Hoa and I took a brief tour yesterday of the notorious District Six neighborhood, not far from central Cape Town. District Six was ordered demolished in 1968 because it had become a symbol of racial tolerance and interplay in a nation dedicated to Apartheid. The once vibrant District Six is now largely unpopulated, with large stretches of open grass-filled vacant lots connecting city streets.
It was on Feb. 11, 1966, that the South African government declared District Six to be a “whites-only” area under what was called then the Group Areas Act. At that time the area had become a mixture of races. Indians, Blacks, mixed race couples, and others were living together in the neighborhood and seemingly getting alone quite well. This interaction did not, of course, fit in well with the racial ideologies of the South African government, which declared District Six to be a slum, fit only for clearance, not rehabilitation.
The government also portrayed the area as crime-ridden and dangerous; it claimed that the district was a vice den, full of immoral activities like gambling, drinking, and prostitution. Though these were the official reasons, most residents believed that the government sought the land because of its proximity to the city center, Table Mountain, and the harbor. And because the largely peaceful interaction of the races didn’t look good. So it was that starting in 1968 inhabitants of District Six were forcefully removed from their homes - and their lands bulldozed over.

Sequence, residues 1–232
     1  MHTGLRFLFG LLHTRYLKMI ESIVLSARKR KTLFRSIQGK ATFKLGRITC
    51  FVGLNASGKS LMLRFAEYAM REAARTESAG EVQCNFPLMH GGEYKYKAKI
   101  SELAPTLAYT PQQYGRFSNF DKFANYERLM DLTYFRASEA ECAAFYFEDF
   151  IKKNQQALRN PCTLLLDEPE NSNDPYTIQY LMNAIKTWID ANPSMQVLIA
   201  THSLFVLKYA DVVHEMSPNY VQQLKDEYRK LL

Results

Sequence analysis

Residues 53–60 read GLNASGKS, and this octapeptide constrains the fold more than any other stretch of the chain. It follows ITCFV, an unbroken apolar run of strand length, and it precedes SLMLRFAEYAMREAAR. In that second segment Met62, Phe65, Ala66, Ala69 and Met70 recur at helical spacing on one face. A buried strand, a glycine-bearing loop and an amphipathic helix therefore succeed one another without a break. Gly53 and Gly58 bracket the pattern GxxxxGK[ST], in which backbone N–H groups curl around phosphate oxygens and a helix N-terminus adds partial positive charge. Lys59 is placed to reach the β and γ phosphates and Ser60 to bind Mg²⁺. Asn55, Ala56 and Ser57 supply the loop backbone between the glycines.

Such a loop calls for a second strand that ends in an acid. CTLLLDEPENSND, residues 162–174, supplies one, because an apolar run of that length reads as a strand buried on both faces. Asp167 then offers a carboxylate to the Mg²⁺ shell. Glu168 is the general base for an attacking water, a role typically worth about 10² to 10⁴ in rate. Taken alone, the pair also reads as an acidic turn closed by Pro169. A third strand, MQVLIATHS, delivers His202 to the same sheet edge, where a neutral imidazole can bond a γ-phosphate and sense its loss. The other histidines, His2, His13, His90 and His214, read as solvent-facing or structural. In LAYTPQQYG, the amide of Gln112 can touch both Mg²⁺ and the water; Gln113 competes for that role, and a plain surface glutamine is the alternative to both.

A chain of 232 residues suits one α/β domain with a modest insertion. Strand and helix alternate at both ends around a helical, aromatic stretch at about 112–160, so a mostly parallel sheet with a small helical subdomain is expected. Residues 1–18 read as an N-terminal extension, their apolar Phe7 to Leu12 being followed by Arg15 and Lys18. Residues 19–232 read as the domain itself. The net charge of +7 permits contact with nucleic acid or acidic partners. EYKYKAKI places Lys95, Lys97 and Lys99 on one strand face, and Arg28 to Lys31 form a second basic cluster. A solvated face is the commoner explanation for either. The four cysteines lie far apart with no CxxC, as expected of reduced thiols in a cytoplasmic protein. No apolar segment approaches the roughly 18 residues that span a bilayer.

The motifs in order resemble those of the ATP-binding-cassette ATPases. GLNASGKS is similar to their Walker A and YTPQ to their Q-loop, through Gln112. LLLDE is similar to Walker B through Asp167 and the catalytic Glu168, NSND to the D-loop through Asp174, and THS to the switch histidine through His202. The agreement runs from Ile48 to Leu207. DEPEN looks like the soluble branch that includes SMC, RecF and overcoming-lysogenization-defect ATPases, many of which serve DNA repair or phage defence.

By 1982, more than 60,000 people had been relocated to sandy flat township complexes some 25 kilometers away. During the forced removal, the government, as brutal as it was, did not have the heart to bulldoze local churches and mosques, which still stand today.
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Apartheid ended in the early 1990s. Meanwhile, in the last three decades, international and local pressure made redevelopment of the area impossible. So District Six now sits on the edge of Cape Town and stands out as a visible monument to the horrors of apartheid. In an effort to preserve the memories of District Six and create a monument to the thousands of people around the country forcibly relocated under apartheid, the District Six Museum Foundation was established in 1989. In 1994, the District Six Museum came into being.
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